5. Reframing the frontier: Mongolia and Uzbekistan
Two frontier markets are making moves in opposing directions.
On one hand: Former soviet nation Uzbekistan is opening up to democracy and international markets. After its first ever international bond sale was 5.5 times oversubscribed (a $1 billion offering with just a 4.75% coupon on 5-year notes holding a BB- rating), the country is plowing forward toward capitalism after 20 years under ruler Islam Karimov.
- Uzbekistan jumped 90 places on the World Bank's ease of doing business rankings, from 166th in 2012 to 76th in 2019.
- The country's Tashkent stock exchange is growing from a $3 billion experiment with only $300 million of shares available to investors.
- Current President Shavkat Mirziyoyev and the country's Capital Markets Development Agency have been pushing for further market liberalization, including a minimum 20% float for state-owned enterprises.
- In October the Tashkent reportedly saw 180 transactions, with 69.8 million shares worth around $10.4 million sold, a record high.
Further, the Financial Times notes, "Political prisoners have been released, exchange restrictions lifted and political debate encouraged — though U.S. campaign group Freedom House still rates Uzbekistan as one of the world's least free countries."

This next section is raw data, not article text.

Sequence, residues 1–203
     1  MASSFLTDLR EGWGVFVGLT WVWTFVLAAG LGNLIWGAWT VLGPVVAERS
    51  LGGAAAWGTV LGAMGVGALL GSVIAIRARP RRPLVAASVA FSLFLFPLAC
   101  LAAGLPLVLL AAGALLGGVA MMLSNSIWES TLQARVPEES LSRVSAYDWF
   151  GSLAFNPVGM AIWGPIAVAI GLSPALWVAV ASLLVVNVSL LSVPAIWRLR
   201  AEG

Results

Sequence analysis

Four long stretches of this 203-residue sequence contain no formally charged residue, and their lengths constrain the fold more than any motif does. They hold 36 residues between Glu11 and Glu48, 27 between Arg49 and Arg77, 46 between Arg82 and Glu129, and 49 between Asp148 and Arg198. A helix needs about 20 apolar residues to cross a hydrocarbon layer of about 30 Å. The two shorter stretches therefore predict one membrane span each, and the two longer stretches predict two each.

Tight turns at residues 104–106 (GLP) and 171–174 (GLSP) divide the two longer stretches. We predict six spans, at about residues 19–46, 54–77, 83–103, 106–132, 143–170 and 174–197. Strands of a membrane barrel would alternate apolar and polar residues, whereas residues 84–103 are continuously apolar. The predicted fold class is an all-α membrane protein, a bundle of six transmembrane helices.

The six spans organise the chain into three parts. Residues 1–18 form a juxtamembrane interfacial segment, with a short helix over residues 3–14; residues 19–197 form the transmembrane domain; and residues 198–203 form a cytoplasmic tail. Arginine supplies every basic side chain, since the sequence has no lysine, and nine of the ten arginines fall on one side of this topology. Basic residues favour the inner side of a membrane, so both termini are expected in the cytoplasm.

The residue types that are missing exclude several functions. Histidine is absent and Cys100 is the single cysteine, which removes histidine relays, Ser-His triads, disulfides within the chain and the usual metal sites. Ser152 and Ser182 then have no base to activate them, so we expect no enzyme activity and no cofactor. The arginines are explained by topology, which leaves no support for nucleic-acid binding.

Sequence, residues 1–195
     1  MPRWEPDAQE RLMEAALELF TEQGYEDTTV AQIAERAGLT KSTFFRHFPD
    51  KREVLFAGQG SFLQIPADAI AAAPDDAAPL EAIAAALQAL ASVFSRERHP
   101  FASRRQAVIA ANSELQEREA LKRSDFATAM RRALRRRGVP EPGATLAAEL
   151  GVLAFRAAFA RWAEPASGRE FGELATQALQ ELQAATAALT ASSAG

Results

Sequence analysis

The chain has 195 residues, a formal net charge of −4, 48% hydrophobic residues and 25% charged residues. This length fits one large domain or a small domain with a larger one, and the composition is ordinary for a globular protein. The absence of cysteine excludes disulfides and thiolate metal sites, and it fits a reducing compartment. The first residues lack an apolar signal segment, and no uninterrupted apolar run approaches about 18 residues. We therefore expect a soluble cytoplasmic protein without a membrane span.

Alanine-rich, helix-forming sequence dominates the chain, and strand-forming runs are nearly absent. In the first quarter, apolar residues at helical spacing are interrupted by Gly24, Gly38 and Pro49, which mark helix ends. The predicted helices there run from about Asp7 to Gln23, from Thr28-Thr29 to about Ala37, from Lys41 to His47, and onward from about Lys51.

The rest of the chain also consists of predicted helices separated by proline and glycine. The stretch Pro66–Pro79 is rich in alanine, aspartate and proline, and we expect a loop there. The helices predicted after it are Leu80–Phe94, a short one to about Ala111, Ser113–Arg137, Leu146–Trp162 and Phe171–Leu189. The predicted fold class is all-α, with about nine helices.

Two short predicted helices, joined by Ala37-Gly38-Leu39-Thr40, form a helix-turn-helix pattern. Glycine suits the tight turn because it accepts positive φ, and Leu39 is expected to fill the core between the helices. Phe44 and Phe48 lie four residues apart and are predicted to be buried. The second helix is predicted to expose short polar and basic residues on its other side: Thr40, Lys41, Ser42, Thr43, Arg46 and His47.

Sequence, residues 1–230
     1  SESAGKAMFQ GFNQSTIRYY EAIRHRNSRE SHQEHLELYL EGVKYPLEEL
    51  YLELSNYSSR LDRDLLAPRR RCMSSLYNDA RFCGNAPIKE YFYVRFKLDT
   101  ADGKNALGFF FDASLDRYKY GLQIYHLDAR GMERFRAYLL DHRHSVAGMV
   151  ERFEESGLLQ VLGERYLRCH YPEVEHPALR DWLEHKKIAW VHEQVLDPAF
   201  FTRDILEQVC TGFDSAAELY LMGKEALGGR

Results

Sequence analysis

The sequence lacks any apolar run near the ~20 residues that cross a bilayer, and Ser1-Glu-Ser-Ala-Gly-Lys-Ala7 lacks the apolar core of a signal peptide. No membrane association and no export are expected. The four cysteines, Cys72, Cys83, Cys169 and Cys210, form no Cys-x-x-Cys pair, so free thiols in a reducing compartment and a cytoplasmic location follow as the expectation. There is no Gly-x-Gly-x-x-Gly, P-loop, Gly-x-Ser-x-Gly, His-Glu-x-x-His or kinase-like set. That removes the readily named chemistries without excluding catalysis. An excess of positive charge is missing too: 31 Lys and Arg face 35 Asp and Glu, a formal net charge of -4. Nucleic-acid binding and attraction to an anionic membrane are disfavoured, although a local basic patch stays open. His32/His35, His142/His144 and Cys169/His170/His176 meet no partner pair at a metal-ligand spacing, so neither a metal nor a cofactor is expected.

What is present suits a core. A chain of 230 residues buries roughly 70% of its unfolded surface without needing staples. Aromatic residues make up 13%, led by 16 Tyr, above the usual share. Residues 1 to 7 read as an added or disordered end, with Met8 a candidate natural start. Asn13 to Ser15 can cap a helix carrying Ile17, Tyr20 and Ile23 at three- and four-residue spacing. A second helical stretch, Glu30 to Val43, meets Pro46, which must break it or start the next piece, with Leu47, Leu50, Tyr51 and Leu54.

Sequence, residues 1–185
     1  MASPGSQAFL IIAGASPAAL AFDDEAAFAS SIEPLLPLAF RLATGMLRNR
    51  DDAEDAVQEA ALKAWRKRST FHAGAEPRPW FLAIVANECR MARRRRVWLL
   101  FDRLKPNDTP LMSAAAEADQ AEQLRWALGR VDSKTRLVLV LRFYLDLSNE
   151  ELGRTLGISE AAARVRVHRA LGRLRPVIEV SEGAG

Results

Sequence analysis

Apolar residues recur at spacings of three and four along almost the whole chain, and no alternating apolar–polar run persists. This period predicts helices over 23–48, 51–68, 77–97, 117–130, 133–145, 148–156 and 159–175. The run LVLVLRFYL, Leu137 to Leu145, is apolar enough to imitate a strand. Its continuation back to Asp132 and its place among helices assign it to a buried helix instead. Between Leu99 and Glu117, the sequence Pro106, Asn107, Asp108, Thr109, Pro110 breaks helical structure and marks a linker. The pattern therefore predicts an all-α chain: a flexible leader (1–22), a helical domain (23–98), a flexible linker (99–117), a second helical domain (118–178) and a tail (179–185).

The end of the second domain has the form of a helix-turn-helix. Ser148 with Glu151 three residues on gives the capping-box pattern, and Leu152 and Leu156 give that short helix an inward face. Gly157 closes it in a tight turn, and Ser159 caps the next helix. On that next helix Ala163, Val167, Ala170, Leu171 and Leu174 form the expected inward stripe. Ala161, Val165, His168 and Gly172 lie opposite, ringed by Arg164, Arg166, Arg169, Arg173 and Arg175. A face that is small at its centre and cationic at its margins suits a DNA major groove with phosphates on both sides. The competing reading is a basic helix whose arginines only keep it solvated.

On the other hand: Mongolia, a longtime darling of frontier market investors, is moving towards autocracy.
Anand Tumurtogoo at Foreign Policy writes, "President Khaltmaa Battulga started his career as a wrestler — and he's just forced Mongolian democracy into submission."
- At a time when the world's most sparsely populated sovereign nation has the economic wind at its back — a $5.5 billion IMF bailout package in 2017, increasing trade and a boom in its coal industry — Battulga has taken over the courts and suppressed democratic institutions, Tumurtogoo says.
- Mongolia's "democracy is in peril — swept away by a charismatic president riding public anger about widespread corruption and using it to protect his own allies against the consequences of that corruption."
The Mongolia Stock Exchange Top 20 Index has fallen 5% year to date and is 26% lower since touching all-time highs in early December.
But, but, but: While authoritarianism has traditionally scared away foreign investment, recently in places like Brazil, Egypt and Turkey, investors have embraced autocrats who embrace the market.